The Vermont Dept of Environments Conservation has identified major lake stressors. They include:

  • Acidity – caused primarily by atmospheric deposition of nitrogen and sulfur compounds (acid rain)

  • Erosion – excessive channel and land erosion is brought about by human activities that alter runoff patterns and deliver sediment and nutrients to the lakes

  • Flow Alteration – altering the natural flow of streams or lake levels affects the extent of habitats, water temperature, dissolved oxygen, and concentrations of toxins in aquatic organisms

  • Encroachment – placement of structures upon the lakeshores result in the loss of buffer zones, increasing sunlight penetration, reducing habitat quality and quantity, and poor ecological integrity

  • Invasive Species – out-compete native plants, algae, and animals resulting in reduced recreational opportunities and altered ecosystem

  • Nutriend Loading – septic systems and fertilizer usage deliver nutrients like phosphorus and nitrogen causing increased likelihood of toxic algae growth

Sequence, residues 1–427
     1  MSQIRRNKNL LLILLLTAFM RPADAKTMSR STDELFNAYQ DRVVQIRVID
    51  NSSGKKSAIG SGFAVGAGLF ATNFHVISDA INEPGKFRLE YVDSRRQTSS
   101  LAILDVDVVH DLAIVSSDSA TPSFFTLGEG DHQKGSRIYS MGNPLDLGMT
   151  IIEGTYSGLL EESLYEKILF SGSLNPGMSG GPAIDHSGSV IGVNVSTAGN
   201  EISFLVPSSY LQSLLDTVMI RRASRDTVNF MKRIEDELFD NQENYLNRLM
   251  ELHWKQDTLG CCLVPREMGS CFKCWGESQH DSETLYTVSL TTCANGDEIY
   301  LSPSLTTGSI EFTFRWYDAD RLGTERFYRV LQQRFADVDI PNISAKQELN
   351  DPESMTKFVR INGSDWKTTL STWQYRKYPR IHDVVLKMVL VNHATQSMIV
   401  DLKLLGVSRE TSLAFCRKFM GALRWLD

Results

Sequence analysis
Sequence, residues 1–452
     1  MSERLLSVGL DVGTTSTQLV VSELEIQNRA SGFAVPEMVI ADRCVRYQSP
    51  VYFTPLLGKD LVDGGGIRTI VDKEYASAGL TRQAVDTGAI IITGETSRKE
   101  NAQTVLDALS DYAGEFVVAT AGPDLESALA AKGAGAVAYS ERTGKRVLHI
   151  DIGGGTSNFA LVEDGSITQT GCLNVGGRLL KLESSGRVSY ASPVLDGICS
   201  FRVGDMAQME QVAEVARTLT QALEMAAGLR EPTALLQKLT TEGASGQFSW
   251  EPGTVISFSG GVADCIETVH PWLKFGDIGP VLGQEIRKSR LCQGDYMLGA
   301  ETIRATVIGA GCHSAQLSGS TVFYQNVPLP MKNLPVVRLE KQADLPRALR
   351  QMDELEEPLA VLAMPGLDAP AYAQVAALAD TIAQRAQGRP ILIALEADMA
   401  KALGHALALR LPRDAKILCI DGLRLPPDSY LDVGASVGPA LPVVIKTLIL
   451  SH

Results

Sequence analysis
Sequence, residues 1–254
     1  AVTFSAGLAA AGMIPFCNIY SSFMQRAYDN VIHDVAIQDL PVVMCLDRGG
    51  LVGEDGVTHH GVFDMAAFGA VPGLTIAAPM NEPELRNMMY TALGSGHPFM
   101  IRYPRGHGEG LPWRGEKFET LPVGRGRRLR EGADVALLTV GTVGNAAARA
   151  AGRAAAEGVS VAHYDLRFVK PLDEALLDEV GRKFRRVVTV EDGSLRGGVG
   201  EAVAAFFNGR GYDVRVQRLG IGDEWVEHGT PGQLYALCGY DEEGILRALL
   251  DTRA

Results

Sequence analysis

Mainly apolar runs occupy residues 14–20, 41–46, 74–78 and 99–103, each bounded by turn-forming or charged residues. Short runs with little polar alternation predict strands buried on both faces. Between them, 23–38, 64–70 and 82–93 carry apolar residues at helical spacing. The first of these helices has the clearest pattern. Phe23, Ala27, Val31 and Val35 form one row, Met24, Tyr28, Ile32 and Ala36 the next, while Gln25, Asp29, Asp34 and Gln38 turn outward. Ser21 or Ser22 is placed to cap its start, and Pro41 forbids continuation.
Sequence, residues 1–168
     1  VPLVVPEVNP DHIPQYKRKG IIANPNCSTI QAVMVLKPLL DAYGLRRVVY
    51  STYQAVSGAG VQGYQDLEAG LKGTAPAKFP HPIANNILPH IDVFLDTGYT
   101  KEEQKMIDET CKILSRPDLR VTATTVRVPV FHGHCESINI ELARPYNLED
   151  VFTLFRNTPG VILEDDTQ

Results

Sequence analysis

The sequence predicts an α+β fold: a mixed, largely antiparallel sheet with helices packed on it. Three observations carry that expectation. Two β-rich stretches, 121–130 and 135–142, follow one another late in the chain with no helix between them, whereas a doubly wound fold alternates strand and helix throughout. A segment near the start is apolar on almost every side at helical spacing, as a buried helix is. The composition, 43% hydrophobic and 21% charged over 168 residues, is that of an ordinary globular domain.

• Pathogens – fecal contamination may result from poorly maintained septic systems, pet waste, and natural sources and cause gastrointestinal distress when exposed to swimmers

  • Phosphorus – increases in phosphorus can lead to problematic changes in freshwater lakes such as increased algae and a subsequent loss of deepwater oxygen

  • Toxic Substances – several categories including mercury, PCBs, heavy metals, pharmaceutical degrades, and personal care products have consequential impacts to aquatic life

  • Thermal Stress – excess warming occurs as a result of reduced lakeshore vegetation and climate change impacting aquatic species

For additional information visit the Vermont Watershed Management site.